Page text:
I still remember my first day in torts class. Old man river My respectable professor, called on me to analyze an opinion from some archaic case.
“Ms. (unfortunately easy-to-pronounce maiden name), is this paragraph law or dicta?”
Sitting in the auditorium during orientation, I listened to various deans, distinguished alumni, and student leaders drone on about the rigors of earning a law degree.
There were obligatory mentions of not everyone making it to graduation (or even the end of the first week) and of the intense strain on personal relationships.
But the message I remembered most clearly was about uncertainty.
If I’m a great attorney who's good at my job, why would I quit?
Oh, I remember being in that headspace. For like...years.
The willingness to settle for less than I deserved. And to endure suffering I thought I did deserve. All coming from place of fear.
You'll probably recognize the inner monologue, which goes something like this:
Ever notice how craptastic you feel after engaging in a round of the comparison game?
Pining after a friend’s beautiful new home. Coveting a colleague’s flashy new car. Envying that acquaintance whose firm pays double what yours does.
You know, wondering why everyone else has a better life than you do.
One thing you probably haven’t thought about in relation to your legal career is whether or not you’re being true to your authentic self.
What does that even mean? Enough with the life coachy bullshit already!
I’m talking about being the person you truly are at your core.
Not the person your parents want you to be. Or that your friends see. Or that your boss expects.
I knew I wanted to be a lawyer for as long as I can remember. (Don’t even get me started on the fallout I experienced by following an uninformed childhood dream.) I also knew that I wanted to be a mama. And as I got older, I became more aware of the challenges that being both presented.
I told myself I could handle the challenges of doing each well, but deep down I didn’t want to do both. I’m one of those people who just doesn’t half-ass anything. And I knew that if I could have things my way, I’d be whole-assing the mama thing.
At the end of March, I sat down for an hour and reviewed the goals and priorities that I set for the year. And for a little added accountability, I’m totes sharing with you.
But before I dive into the details of my Q1 review, here are some reasons why you might want to do your own personal review.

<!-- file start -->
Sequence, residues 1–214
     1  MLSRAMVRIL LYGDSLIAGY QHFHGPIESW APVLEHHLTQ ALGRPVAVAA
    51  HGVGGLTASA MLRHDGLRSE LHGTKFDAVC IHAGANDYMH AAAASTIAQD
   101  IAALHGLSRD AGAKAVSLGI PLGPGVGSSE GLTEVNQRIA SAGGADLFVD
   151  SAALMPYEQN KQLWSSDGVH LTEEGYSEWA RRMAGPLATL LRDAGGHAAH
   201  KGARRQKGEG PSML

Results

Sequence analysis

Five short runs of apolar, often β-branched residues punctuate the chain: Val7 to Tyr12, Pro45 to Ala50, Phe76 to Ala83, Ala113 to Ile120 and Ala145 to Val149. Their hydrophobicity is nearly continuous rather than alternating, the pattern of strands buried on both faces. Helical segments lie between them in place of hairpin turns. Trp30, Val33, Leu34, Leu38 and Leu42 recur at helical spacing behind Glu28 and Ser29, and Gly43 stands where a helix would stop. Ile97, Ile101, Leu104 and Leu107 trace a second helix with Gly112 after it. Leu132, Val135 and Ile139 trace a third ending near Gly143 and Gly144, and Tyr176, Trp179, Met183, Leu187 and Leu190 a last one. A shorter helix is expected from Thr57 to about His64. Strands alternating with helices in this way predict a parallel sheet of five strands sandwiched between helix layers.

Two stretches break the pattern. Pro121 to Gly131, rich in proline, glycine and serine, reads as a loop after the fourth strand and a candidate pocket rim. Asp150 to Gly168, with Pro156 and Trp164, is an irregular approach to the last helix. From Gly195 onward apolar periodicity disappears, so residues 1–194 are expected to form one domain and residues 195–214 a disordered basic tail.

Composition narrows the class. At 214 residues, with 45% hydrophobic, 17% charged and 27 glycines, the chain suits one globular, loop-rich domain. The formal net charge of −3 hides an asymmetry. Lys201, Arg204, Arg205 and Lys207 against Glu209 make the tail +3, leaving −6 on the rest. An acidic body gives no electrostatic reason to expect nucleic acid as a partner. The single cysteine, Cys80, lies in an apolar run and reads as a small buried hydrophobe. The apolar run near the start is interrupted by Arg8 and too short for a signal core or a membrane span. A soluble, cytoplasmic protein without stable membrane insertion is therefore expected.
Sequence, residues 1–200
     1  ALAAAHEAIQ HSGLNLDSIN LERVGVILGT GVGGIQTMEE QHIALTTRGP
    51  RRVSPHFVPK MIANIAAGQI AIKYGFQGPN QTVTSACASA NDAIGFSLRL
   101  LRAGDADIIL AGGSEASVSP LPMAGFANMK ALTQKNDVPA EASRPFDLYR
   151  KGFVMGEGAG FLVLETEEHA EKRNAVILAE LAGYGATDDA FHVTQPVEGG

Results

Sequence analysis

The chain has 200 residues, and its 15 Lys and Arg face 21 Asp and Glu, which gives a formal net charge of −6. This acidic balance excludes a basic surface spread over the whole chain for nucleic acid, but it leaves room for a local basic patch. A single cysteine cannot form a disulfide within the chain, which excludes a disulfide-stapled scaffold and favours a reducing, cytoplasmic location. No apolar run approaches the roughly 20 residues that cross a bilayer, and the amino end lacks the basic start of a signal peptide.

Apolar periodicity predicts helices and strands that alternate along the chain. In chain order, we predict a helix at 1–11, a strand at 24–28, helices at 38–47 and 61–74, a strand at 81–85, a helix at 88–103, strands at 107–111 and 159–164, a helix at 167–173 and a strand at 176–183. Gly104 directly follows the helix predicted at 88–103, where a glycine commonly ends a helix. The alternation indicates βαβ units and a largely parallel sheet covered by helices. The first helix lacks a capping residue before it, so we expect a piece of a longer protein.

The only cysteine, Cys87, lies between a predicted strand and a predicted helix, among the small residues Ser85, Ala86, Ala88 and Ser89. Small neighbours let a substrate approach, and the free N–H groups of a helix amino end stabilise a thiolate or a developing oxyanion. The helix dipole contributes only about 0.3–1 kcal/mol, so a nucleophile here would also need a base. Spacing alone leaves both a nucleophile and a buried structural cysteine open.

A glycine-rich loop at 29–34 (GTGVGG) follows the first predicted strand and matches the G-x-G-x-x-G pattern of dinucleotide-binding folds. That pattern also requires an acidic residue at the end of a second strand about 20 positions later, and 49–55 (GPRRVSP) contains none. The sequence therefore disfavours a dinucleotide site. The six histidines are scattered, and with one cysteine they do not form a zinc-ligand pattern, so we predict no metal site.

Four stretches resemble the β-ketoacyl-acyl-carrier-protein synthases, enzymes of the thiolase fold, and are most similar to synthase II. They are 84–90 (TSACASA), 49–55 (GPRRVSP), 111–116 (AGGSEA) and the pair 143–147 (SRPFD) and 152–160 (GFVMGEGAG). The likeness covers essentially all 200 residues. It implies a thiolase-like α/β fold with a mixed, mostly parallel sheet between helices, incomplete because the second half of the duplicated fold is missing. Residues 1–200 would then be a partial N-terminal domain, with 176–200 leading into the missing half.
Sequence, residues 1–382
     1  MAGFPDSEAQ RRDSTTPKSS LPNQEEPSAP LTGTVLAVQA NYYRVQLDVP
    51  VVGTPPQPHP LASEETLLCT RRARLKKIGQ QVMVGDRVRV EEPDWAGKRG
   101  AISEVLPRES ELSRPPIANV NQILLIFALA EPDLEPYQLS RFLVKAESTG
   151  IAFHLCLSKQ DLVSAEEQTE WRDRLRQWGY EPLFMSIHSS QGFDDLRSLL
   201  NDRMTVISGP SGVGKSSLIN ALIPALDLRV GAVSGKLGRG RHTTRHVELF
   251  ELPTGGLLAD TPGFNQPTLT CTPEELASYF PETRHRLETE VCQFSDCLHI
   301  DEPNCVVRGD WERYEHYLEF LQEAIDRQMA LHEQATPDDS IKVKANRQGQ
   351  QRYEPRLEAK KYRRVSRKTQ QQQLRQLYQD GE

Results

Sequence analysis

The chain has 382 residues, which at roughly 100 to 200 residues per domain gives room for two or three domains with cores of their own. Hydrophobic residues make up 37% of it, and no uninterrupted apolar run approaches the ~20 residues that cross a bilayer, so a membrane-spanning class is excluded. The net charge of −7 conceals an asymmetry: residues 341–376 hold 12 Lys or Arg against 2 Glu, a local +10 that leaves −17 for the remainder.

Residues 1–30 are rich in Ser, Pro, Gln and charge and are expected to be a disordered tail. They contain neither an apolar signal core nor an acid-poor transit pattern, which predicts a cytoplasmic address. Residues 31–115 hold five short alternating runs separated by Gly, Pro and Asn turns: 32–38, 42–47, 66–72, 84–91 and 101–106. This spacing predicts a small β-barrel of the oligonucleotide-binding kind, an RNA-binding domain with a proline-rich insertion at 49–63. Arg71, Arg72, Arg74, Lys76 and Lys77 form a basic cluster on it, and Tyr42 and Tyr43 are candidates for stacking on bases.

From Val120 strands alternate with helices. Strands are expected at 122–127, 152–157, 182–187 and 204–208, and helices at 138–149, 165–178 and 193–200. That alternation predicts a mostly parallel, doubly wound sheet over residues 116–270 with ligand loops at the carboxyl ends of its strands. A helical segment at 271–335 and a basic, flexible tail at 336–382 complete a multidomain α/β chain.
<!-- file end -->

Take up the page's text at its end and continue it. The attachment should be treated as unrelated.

What do I mean by self-care?
I mean giving yourself whatever it is you need to feel refreshed, relaxed and more like your best self.
For some of us, that may involve setting aside an entire afternoon for an outdoor adventure like running, biking or rock climbing.
For others, self-care may take the form of getting a massage or curling up on the couch to watch a movie with a loved one.
And when times are really rough, minimum self-care can involve an early bedtime, a much needed shower or a healthful meal. Sometimes these basic needs can pay dividends when you're super stressed.
My theory based on thirty-some-odd years of observation is that we are born knowing that kindness is the way to go, then something teaches us to be unkind. Blame a messed-up home life, butthead classmates, anxiety disorders or whatever.
Presto change-o, a jerk is made.
So besides the obvious reasons (e.g., nobody likes a butthole, you get more flies with honey than vinegar, it’s unprofessional), here are some helpful nuggets to prevent you from losing your shit when dealing with jerks in the workplace.
Life is messy. And none of us is exempt.
That being said, it’s so easy to forget that everyone deals with the unexpected and the resulting derailment. It’s so easy to think that you’re the only one who’s gotten off track. To believe that inner dialogue that says everyone on your Facebook feed has their poop in a group.
Ten weeks into my maternity leave with my law firm, I gave my notice that I wouldn’t be returning. Yup, you read that right.
I QUIT MY DAY JOB!
Not only that, but I literally mailed in my bar membership card to the powers that be and changed my license status to inactive.
That is some crazy arse shite. And with it comes some very real changes.
Time to take action!
Sounds simple enough, I know. But if it really were so simple, why do most people fail to take meaningful steps toward meeting their resolutions by the time February rolls around?
Because change is SCARY.
Yup. Even welcome change can be enough to derail the most motivated goal-setter if the foundation for success isn’t solid. Happens to the best of us.
The good news is you can keep fear at bay by using these three strategies.
It’s that time again. The beginning of a new year when we’re bombarded with messages of resolution making: Eat healthier! Get out of debt! Quit [insert bad habit here]!
Don’t get me wrong; I’m not against making a resolution or two (or more), but I am against making resolutions that have no chance of being kept.
Wanna learn how to create a New Year’s resolution you’ll actually keep?